After hearing more than a dozen state and local officials warn Friday of the consequences of tax limitation, members of a governor's advisory council agreed to invite the other side to their next meeting.

The wisdom of inviting the Tax Limitation Coalition to address the Utah Advisory Council on Intergovernmental Relations at its July 29 meeting was questioned by some members.One suggested that the organization behind three tax initiatives would likely get more publicity out of its appearance than the government officials who made their case against the measures Friday.

Suzanne Dandoy, executive director of the state Health Department, said the 31/2-hour-long meeting hadn't appeared to attract much attention beyond those who already oppose the initiatives.

But state Tax Commissioner Roger Tew said coalition leaders should have to confront the budget reductions outlined by a various local governments, school districts and state agencies.

Tew said the coalition's position has been that it is up to government officials to decide where the cuts called for in the tax initiatives would be made.

Opposition evaporated after Sen. Paul Rogers, R-Orem, said forcing such a confrontation could benefit the effort to defeat the initiatives.

"We have nothing to hide," Rogers said. "We have everything to gain by having the truth come out."

Council members also agreed to print up the numerous graphs, charts and long lists of programs that would be eliminated by the initiatives and distribute the information to an organization formed to oppose the initiatives, Taxpayers for Utah.

That suggestion came from Salt Lake County Commissioner Mike Stewart, who said that the group had little documentation to back its claim that the initiatives would hurt government.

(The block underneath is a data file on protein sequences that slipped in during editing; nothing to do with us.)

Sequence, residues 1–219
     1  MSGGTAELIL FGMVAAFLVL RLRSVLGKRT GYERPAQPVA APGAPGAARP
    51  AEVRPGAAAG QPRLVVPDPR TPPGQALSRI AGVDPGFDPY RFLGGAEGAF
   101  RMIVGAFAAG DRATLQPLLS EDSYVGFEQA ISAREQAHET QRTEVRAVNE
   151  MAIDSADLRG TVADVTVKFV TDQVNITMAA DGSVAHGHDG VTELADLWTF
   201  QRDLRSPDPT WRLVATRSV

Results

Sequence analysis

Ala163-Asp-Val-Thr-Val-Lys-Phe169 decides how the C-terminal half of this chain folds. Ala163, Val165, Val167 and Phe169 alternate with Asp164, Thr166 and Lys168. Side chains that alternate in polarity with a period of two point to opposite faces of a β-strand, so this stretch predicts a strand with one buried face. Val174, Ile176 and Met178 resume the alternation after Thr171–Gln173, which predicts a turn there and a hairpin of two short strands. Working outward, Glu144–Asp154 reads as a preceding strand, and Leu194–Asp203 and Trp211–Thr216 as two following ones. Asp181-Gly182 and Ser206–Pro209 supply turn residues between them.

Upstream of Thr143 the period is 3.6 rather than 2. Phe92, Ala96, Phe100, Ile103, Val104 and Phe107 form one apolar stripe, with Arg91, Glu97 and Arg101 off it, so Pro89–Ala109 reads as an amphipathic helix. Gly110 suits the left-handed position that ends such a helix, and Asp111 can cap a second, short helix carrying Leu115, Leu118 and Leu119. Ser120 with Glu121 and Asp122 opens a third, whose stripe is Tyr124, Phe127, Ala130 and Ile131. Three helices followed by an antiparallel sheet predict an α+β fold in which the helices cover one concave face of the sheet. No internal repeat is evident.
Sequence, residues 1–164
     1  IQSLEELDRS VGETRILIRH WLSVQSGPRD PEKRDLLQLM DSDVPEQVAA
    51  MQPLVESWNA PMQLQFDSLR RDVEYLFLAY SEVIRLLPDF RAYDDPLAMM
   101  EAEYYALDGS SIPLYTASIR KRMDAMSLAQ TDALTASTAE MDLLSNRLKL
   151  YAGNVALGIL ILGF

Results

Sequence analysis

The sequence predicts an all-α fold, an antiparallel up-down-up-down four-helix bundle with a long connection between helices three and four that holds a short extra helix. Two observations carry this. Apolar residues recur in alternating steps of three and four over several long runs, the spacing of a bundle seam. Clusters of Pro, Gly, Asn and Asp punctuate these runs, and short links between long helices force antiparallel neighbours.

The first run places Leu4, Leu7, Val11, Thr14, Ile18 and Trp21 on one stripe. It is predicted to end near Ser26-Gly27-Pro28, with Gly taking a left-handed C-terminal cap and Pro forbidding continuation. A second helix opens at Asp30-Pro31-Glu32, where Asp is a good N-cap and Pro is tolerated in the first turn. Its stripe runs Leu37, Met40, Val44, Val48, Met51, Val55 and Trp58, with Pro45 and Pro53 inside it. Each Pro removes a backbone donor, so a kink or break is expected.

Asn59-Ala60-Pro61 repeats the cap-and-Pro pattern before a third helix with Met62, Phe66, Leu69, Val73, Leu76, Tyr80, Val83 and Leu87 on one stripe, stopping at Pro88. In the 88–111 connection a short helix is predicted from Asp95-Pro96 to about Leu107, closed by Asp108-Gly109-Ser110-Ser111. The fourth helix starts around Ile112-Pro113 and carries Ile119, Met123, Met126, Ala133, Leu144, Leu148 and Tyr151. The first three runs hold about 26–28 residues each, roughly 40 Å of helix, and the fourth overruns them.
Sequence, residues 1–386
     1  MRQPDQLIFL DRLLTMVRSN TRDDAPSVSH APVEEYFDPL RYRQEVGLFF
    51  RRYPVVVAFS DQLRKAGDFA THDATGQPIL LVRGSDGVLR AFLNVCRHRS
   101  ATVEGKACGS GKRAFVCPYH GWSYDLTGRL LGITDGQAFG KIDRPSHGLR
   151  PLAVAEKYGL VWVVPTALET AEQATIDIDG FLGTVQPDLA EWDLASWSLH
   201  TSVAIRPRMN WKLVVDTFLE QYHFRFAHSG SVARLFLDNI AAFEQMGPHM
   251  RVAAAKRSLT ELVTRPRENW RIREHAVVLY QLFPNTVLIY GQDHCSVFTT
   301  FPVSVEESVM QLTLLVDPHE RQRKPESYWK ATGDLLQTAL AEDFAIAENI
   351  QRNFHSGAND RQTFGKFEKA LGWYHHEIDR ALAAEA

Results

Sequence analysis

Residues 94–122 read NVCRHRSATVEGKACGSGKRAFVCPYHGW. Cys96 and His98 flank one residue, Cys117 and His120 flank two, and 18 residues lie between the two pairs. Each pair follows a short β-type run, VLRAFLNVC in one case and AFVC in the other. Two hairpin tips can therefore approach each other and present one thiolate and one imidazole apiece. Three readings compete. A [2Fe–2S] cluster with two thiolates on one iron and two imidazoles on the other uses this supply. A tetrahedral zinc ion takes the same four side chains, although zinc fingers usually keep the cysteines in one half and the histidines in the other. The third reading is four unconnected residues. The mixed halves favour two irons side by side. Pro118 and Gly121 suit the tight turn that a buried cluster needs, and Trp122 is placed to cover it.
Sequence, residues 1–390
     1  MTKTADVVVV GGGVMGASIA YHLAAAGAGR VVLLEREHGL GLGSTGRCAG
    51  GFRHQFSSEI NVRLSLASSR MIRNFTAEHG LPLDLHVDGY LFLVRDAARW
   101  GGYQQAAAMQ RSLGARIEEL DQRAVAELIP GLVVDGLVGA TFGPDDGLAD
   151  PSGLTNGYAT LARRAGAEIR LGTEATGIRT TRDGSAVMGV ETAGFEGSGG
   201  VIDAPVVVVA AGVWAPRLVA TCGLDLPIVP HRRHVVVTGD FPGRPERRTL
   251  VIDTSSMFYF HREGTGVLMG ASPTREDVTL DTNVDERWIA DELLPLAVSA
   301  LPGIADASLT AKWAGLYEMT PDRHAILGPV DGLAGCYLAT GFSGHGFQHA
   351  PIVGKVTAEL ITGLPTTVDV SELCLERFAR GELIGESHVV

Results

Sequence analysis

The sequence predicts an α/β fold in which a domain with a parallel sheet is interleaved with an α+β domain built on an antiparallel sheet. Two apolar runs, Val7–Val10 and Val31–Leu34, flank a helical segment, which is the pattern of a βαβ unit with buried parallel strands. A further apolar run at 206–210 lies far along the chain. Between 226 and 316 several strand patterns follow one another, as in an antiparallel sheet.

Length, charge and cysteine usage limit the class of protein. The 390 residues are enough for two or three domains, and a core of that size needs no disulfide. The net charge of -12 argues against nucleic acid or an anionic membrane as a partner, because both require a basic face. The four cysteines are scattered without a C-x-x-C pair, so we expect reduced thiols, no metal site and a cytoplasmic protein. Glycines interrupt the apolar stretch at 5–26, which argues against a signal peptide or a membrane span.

The meeting marked the first time many of the effects forecast by government officials were made public. Statewide, passage of the tax-limitation initiatives would cut $349 million from government budgets, according to a presentation by Michael Christensen, executive director of the council.

Public schools and the state's higher education system would bear the brunt of the reductions, about $166 million total.

Representatives of the Board of Regents, the state Board of Education and two school districts described a wide range of effects should the initiatives pass, including limiting enrollment in colleges and universities, reducing the length of the school year and eliminating programs aimed at keeping borderline students from dropping out of school.

Representatives of city and county governments said that while some reductions would be made in administrative costs, most of the cuts would come from public services such as road maintenance and police protection.

Representatives from a sampling of state agencies said they may lose federal grants that require the state to put up matching money for highway improvements, health services, and other programs.

The three initiative petitions circulated among voters are in the hands of county clerks and Lt. Gov. Val Oveson's office to determine if enough signatures were gathered to place them on the November ballot.

The initiatives would limit property tax rates, roll back tax increases approved by the 1987 Legislature and give parents of children in private schools a tax break.